As much fun as chasing elephants at their dumpsters was, we still needed a plan to get into Chobe National Park. Talking to the local wildlife and national parks director proved useless and even ridiculous when he refused to let us visit the park without the right paperwork for "security reasons". "You are making it sound like I'm entering the park to form a hippo communist party, or steal a buffalo!" I tried to joke with the official, but that didn't help either. An hour of more of convincing arguments, and all I achieved was getting the man to let me use his phone to call his own superiors in the capital, which was more than I had accomplished in other Botswana government offices, but still not enough. Frustrated and with now a genuine grudge I and Vova left the offices to come back to Shurik whom, it turned out, we'd very fortunately left behind in an internet cafe to fix our malfunctioning computer. Suddenly our line of action became very clear: the park officers hadn't seen Shurik, so he could drive our car into the park the next morning, paying only for himself, as Vova and I would be hiding in the trunk, under the tent and a thick layer of sleeping bags.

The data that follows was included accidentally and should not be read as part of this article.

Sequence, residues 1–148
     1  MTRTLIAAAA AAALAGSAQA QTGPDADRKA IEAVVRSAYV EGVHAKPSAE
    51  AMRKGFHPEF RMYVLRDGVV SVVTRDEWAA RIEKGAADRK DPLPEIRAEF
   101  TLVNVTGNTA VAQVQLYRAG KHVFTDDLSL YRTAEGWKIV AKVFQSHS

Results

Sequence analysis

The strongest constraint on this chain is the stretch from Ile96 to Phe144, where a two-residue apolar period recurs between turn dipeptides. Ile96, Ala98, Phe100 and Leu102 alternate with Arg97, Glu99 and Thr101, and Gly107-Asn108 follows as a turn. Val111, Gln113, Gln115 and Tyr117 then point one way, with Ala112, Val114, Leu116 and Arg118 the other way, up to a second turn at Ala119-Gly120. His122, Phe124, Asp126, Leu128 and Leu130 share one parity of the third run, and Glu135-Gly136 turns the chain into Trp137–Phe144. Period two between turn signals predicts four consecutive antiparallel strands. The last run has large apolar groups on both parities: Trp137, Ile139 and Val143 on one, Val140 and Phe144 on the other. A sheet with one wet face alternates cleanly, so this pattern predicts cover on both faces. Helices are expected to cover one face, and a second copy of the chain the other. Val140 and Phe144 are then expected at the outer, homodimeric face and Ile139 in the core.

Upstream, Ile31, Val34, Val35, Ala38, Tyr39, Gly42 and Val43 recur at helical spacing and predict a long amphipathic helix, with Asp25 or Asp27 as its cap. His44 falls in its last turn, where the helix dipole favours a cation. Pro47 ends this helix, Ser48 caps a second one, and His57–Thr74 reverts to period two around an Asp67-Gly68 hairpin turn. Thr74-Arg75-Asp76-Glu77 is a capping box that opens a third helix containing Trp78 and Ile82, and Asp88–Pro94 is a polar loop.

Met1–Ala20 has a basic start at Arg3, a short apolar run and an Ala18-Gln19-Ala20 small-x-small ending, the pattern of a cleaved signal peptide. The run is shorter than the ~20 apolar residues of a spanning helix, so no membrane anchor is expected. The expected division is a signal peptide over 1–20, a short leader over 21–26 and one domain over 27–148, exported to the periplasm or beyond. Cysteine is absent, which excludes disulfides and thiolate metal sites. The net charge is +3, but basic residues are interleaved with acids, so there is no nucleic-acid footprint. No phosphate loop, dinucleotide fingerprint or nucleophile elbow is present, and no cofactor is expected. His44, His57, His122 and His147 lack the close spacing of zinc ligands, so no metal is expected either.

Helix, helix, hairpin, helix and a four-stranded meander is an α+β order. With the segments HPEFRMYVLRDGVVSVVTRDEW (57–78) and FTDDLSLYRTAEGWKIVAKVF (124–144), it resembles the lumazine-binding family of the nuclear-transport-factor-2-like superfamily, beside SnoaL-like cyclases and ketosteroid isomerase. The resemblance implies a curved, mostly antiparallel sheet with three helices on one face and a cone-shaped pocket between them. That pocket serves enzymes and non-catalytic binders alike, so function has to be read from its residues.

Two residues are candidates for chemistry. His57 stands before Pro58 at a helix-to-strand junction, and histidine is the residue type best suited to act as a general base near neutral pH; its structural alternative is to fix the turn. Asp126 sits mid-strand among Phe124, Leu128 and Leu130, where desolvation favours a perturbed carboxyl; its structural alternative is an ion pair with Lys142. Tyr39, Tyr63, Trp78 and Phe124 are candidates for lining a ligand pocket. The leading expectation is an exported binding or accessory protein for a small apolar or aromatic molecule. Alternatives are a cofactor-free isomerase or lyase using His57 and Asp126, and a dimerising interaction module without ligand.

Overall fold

In the morning I was extremely high strung. That night we had more adventures: when we finally found a good place to bush-camp, it turned out to be prime elephant territory, and we spent half the night hiding in our car for the fear of being stumped to death in our sleep. We were ready long before the break of dawn and made such a mess in the trunk only a madman would attempt searching through it, and hid inside. Shurik drove as best he could, but by the end of the ordeal I was very surprised all my ribs were intact and I didn't have a heat stroke. Inside the park all three of us could ride on top the roof, steering with our toes if we liked, and nobody would notice. Except for a few lodge jeeps on morning safaris, which tended to move off rather quickly, this park was as deserted as most of Botswana's treasured wildernesses. Our highlight was seeing a huge male hippo resting in a shade of a thorny bush after loosing a battle for dominance. Our plan worked. Both on the way in and out - we couldn't risk getting caught at the exit either. Half a kilometer out of the park we emerged - dirty, sweaty, but with a great feeling of accomplishment. Another half a kilometer, and we were at the border post, finally out of sunny Botswana.